The disastrous extinction of mankind is the issue before us. It it no small affair of parlour politics we have to consider.

-The new world order by H.G. Wells

According to Cambridge Dictionary the word 'parlour' has two meanings.

  1. a business that provides a stated type of personal service or sells a stated product:
  2. (especially in the past) a room in a private house used for relaxing, especially one that was kept tidy for entertaining guests

I am going with the second option.

I think the author means that this not a small politic affair which we can discuss at parlour in our home.

But why the author used the word "have to"? Does anyone have to consider a politic affair at parlour?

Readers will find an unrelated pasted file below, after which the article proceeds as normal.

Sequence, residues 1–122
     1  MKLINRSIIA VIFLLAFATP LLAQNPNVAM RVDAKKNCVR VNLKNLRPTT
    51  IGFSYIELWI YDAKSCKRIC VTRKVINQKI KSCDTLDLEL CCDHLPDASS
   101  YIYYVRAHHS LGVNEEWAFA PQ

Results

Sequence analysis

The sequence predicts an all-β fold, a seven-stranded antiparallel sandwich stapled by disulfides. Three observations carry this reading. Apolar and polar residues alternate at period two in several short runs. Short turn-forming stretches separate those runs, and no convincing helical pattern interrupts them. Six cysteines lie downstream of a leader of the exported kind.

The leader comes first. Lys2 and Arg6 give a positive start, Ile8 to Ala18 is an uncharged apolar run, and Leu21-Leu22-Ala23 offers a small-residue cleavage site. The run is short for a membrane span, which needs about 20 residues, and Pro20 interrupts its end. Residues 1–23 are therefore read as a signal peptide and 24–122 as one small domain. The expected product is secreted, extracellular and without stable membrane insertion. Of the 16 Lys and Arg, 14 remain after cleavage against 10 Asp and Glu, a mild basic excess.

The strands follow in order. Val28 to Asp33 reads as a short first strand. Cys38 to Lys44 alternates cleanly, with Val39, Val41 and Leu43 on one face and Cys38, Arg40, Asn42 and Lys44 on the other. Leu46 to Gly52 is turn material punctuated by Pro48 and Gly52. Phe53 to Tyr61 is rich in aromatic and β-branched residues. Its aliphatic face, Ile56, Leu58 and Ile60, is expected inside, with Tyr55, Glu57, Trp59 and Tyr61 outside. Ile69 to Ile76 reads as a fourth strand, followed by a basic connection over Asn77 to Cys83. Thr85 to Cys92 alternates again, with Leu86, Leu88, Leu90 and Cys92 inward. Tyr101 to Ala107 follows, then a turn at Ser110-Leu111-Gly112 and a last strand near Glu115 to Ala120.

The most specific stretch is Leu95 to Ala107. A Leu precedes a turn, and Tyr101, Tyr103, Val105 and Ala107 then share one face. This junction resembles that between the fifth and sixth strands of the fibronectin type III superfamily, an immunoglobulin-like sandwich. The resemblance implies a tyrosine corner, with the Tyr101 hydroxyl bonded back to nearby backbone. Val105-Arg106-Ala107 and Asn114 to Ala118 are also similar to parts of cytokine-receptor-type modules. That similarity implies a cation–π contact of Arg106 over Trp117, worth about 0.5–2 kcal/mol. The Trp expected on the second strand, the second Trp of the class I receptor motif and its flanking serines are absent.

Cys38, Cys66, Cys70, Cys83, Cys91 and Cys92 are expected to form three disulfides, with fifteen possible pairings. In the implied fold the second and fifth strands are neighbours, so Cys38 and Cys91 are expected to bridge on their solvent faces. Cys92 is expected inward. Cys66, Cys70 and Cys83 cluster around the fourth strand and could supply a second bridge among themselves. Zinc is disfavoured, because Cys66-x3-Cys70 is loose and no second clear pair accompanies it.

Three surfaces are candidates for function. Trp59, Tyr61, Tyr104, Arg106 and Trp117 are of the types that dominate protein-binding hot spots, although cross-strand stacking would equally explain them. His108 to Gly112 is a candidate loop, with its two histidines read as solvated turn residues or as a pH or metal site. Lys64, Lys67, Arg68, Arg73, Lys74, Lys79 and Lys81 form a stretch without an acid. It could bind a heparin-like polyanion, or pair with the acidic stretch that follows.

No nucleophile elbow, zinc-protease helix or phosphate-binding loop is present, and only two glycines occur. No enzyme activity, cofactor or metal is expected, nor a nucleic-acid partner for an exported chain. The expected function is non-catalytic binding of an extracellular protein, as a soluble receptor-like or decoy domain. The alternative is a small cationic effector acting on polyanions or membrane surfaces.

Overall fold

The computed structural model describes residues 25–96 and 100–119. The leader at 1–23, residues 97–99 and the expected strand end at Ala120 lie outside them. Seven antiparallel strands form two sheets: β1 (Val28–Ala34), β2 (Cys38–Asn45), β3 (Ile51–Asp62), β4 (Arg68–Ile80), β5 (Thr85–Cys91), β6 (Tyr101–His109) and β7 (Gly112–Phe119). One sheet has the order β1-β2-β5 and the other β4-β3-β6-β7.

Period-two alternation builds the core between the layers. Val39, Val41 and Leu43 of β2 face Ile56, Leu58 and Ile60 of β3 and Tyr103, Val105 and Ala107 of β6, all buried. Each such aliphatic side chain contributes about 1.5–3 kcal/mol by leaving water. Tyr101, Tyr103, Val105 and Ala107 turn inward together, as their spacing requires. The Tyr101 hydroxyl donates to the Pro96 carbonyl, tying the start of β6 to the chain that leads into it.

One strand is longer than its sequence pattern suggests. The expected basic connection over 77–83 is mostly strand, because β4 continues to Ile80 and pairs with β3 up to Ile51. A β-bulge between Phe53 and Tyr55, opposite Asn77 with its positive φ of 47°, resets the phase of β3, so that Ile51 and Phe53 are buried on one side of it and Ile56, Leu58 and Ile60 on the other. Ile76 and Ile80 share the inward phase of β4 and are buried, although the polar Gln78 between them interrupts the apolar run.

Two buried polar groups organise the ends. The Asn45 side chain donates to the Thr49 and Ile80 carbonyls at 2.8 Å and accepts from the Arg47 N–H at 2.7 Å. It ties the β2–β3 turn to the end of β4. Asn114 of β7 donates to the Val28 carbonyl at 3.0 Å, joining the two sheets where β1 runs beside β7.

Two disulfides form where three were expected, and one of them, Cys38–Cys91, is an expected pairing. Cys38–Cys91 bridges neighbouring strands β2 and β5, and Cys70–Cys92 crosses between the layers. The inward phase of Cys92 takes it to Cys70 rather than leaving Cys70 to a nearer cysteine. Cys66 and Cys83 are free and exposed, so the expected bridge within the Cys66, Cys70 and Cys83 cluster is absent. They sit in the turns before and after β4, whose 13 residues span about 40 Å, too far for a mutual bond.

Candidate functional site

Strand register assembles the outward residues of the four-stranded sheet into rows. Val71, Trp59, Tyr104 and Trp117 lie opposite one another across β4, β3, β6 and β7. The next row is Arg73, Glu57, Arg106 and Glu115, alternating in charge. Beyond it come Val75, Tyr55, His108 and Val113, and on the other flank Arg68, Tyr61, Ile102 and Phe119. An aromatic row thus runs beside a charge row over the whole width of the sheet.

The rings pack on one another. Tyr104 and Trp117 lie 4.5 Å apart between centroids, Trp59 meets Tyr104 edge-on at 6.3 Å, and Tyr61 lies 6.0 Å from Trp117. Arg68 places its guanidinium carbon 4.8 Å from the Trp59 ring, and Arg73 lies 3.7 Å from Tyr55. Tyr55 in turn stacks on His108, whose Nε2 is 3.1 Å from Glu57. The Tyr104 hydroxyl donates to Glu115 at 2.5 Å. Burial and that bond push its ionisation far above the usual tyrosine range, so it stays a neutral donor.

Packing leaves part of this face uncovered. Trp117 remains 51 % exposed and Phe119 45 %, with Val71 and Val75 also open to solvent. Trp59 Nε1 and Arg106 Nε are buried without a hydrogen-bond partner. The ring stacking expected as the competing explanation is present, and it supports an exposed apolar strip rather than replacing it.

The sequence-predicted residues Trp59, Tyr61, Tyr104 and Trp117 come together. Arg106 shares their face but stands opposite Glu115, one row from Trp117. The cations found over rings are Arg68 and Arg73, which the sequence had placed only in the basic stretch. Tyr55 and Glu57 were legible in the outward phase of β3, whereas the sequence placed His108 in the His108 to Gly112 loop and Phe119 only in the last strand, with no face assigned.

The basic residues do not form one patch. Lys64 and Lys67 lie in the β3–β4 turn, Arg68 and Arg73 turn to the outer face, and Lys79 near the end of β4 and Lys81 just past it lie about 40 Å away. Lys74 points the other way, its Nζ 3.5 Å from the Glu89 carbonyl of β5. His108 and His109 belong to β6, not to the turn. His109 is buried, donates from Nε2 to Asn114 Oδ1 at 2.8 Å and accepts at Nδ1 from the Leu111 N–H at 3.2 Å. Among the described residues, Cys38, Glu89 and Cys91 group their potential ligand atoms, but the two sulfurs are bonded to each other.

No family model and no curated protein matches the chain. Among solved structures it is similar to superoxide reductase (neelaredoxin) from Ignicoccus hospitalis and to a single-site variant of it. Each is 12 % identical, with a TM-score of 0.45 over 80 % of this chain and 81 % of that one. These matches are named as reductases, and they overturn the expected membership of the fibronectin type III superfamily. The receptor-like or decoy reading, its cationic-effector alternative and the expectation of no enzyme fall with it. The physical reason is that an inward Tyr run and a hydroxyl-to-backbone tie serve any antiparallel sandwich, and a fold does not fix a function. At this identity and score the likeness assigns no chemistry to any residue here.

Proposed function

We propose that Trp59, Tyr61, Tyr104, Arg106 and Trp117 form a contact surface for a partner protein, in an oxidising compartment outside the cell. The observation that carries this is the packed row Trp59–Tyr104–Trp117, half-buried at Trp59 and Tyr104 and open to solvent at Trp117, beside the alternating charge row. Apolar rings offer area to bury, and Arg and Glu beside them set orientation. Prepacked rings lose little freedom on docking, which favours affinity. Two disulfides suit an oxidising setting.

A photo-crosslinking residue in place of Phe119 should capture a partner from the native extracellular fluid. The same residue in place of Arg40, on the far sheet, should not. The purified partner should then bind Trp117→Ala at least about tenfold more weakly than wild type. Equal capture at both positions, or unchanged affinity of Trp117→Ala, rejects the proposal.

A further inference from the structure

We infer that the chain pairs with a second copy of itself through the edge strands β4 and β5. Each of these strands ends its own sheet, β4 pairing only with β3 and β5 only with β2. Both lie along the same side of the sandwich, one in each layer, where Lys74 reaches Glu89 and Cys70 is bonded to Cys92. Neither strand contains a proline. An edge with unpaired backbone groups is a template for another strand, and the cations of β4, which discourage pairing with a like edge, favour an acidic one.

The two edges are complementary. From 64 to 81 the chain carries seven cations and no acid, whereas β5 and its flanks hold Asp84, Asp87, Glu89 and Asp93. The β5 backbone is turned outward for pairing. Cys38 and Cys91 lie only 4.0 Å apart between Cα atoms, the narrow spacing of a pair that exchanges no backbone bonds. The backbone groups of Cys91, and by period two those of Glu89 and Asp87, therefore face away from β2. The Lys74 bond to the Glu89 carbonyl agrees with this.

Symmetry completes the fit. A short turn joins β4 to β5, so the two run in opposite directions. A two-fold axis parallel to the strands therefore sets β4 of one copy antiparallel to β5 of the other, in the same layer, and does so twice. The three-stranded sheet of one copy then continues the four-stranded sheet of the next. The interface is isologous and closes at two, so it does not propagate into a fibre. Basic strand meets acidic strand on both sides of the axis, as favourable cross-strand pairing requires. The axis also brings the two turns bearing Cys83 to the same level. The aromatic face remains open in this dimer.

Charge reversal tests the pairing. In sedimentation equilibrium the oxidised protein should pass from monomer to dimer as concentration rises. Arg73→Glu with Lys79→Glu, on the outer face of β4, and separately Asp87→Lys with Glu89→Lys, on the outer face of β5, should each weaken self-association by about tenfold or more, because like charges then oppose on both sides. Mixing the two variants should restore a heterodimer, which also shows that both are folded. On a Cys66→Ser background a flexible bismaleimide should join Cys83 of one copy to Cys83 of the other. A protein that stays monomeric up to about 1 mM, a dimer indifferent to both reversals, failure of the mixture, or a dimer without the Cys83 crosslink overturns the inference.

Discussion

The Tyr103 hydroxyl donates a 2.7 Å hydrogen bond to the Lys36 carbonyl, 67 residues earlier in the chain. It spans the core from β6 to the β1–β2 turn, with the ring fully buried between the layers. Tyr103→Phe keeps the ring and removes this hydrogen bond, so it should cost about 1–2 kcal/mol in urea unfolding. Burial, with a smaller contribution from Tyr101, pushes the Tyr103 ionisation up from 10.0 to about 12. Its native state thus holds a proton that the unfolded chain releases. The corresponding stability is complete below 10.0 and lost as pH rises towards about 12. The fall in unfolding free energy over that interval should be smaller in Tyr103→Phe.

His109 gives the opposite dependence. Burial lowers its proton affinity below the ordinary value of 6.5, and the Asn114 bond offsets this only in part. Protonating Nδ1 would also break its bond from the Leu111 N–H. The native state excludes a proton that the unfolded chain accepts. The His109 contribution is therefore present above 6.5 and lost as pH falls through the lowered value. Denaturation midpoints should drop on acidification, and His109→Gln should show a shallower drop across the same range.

• The American spelling is parlor politics. I would have said it's a "dated" usage more appropriate to a century ago when HG Wells was writing, but according to that chart the usage has shot to prominence just this century! Which is odd, since regardless of spelling, hardly anyone uses the word "parlour" literally for any kind of room today. Commented May 17, 2021 at 13:23

1 Answer 1


I agree about the interpretation of parlour politics - it's not something for casual discussion.
The phrase have to doesn't refer to the parlor discussion, but to discussion of the prospect of the "disastrous extinction of mankind".

It might be clearer like this:

What we have to consider is no small affair of parlour politics.

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